The UK's New Anti-Piracy Scheme Is All Carrot, No Stick

The new anti-piracy scheme being trialled by the UK is surprisingly easy-going. The UK has tried a few different methods to stem the flow of rampant torrent downloads, from site blocking through to strike-based warning systems. None of it seems to work, so now it's dropping the stick and using a little more carrot to get people to stop downloading, in one of the best-looking anti-piracy schemes we've yet seen.

It's called Creative Content UK, and it's a surprisingly sensible anti-piracy plan thought up by the content creators and license holders themselves to stop people stealing their work.

Record companies, creative industries, artists and more will band together with ISPs to educate pirates about how they can get content legally.

It all starts with a massive advertising campaign pointing Britons towards legal online content services like iTunes, Netflix and Google Play in a bid to cut down on people heading straight for The Pirate Bay to get content.

The second stage involves ISPs matching copyright-protected content being downloaded by users, and sending those alleged pirates letters telling them they've been caught doing it. Rather than punish the pirates, however, the Creative Content program will simply use the mail-out scheme to further educate pirates about how they can get their content legally.

Here's how the British Recorded Music Industry association explains the "subscriber alerts" scheme:

<blockquoteThe second component is a subscriber alerts programme that will be co-managed and co-funded by ISPs and content creators and due to begin at a later date. Participating ISPs will alert and advise subscribers when their accounts are believed to have been used to infringe copyright. Account holders will receive an alert from their ISP, advising them unlawful filesharing may have taken place on their connection and offering advice on where to find legitimate sources of entertainment content.

Users will receive a maximum of four letters per year, and after the four-letter limit has been reached, nothing more happens to users. Zip. Nada. Nothing. All carrot, no stick.

Best of all, the plan is government funded. UK Ministers have backed the project, while also announcing that £3.5 million of government money will be poured into the scheme.

Local ISPs like iiNet have complained in the past about who would pay for a copyright warning scheme in Australia, saying that matching content and sending letters to users would carry a significant financial burden. That's just one hurdle the Australian government will have to jump over as it considers punitive three-strikes schemes and site blocking regimes. Both of which have already been trialled in the UK, and clearly lawmakers have moved on after anecdotal reports emerged that they actually increased the number of pirates in the country.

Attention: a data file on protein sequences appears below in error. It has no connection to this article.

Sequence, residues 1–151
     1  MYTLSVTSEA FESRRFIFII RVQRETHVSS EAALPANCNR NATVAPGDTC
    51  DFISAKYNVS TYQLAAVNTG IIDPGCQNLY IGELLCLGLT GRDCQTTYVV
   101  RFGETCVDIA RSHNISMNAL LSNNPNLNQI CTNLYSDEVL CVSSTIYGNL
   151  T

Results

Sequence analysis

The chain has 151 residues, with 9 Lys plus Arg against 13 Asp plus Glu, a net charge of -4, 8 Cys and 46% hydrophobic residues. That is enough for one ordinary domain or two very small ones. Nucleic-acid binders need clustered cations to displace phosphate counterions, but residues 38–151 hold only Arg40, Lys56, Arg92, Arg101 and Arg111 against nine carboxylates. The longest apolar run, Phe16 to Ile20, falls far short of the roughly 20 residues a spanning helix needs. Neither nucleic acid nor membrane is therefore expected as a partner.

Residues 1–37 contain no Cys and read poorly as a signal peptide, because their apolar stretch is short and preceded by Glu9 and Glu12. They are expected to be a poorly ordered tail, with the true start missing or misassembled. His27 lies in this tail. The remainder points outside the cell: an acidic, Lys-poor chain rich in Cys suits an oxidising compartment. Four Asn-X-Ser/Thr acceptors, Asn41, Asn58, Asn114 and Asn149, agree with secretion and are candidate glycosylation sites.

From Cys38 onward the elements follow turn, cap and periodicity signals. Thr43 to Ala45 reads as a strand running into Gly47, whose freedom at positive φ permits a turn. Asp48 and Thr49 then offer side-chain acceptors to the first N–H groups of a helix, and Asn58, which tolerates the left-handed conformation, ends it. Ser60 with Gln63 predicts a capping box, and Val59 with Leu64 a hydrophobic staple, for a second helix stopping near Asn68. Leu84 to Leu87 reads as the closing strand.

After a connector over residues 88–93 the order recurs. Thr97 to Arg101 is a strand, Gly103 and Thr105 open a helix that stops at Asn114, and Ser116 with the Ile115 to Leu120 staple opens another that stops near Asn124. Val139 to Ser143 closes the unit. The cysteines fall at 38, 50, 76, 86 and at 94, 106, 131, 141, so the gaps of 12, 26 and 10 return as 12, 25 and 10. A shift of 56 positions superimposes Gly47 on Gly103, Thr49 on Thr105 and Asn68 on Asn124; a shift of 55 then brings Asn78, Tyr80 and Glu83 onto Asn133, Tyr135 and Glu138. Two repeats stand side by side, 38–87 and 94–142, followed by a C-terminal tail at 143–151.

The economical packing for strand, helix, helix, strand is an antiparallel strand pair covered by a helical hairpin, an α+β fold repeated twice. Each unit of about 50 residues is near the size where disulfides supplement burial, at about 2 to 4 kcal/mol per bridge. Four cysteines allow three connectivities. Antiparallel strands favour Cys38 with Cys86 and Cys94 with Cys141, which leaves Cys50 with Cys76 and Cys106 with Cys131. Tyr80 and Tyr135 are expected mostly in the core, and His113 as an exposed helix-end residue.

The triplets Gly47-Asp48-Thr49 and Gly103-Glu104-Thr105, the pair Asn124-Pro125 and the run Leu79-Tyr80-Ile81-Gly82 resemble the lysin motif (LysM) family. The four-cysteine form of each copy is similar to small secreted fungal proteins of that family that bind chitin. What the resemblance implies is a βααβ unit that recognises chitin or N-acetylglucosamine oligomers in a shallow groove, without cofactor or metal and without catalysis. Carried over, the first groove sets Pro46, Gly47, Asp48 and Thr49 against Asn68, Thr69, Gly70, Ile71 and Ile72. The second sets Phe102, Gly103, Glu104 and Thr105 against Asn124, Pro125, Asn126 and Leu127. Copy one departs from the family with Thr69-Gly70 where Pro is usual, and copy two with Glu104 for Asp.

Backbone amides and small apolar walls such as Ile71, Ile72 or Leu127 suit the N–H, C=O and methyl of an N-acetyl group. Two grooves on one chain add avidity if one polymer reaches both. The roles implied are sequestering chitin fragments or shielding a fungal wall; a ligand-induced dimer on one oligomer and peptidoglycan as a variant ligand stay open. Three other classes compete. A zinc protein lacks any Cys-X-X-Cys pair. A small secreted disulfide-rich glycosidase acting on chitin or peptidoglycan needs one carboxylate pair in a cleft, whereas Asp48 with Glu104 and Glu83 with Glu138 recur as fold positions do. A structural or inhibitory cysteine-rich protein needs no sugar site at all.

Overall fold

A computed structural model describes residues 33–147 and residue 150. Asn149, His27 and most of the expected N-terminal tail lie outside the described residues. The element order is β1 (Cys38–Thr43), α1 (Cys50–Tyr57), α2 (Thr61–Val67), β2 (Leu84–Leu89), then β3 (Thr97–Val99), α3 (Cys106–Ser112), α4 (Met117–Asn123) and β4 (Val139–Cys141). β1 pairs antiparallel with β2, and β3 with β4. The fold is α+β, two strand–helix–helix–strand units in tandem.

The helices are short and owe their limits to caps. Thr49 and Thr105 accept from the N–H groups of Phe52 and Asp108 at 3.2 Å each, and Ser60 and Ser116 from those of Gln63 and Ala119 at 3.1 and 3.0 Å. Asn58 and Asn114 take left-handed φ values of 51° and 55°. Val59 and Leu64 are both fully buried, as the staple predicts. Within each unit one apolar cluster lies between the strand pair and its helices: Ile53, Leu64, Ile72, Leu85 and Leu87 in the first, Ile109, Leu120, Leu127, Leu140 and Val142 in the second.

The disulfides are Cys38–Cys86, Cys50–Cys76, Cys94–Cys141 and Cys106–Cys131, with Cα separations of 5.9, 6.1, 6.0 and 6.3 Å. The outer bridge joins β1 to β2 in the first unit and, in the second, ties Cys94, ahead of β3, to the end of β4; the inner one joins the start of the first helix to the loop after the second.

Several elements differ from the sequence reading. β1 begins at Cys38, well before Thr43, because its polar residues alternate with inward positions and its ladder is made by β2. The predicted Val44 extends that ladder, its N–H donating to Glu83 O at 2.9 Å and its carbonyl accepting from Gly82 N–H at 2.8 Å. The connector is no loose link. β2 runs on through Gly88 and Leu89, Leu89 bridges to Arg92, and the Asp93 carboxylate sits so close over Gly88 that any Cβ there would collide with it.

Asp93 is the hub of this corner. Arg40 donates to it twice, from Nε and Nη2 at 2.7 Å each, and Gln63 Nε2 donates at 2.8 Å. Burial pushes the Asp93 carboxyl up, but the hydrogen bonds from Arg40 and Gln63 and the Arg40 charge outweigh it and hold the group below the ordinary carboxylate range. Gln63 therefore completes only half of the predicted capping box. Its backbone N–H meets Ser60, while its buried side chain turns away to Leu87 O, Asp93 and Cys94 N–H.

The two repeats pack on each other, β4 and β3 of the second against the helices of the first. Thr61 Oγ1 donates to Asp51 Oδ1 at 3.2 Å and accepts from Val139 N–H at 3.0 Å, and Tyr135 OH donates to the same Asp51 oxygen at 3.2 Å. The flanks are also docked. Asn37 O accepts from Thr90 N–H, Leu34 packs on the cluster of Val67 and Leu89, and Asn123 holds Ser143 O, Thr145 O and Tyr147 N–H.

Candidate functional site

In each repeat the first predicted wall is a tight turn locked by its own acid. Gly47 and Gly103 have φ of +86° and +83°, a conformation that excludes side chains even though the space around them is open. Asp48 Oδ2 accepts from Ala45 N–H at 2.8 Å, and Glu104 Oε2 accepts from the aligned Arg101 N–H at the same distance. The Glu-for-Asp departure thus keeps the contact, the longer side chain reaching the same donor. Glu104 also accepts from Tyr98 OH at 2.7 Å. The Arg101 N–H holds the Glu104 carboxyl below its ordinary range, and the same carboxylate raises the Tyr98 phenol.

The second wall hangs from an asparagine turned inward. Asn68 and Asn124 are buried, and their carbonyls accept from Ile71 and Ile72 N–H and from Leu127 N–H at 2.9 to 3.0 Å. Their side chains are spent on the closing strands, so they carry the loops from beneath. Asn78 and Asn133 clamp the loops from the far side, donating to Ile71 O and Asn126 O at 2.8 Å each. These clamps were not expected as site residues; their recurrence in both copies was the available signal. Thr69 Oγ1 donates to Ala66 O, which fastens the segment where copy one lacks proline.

The plan clearly hinges on implanting a palpable sense of shame in pirates about content theft, while pointing them to cheap and legal services. The price is right for services like Netflix in the UK, and content is readily available.

Here's hoping the plan works so other nations around the world see that pirates respond to cheap and readily-available content. [BPI]

Originally published on Gizmodo Australia


Comments

    Shame on you for such a misleading title.

      yer WTF at that title - its atrocious and entirely misleading.

        Sorry guys. Story was cross-posted from Gizmodo and I wanted to give a different headline a go. We've made them uniform now. Apologies if you felt misled at all.

          Thanks Luke, sorry I came off so angry and pitch-fork like!

            Don't stress. I'm used to it on Gizmodo. You're all uniformly lovely people over here!

      What was the original? I missed it

        I guess it's the one in the URL - It's OK to download illegal torrents in the UK now.

    This doesn't really do anything useful and is basically the six strikes scheme (ie. Hadopi) without the punishment at the end. Most people who pirate know about the legitimate channels, but choose to pirate because of reasons such as:
    * The item is unreasonably expensive
    * The item is not available in your region
    * People want to know whether it's actually worth buying the item

    Sure, you might panic a few kids and parents who thought they could be cool by pirating something. The end result though is that ISPs will have a bigger burden of monitoring traffic purely to send out a few emails with a disapproving stare and people will continue to pirate because they know nothing will happen.

    Last edited 23/07/14 11:00 am

      Not true. There's a lot of misconceptions and as the article mentions, many people now go to pirate sites by default. I'm pretty sure that a lot of people will be surprised to learn that some content they thought carried a premium cost is available for (in many cases) literally pennies and at the ready of a few clicks.

      Sure, there are lots of callous/anti-establishment/teenaged people who'll just laugh at this, but they were a void market to begin with. To anyone else who still has a bit of a conscience, this may make a difference.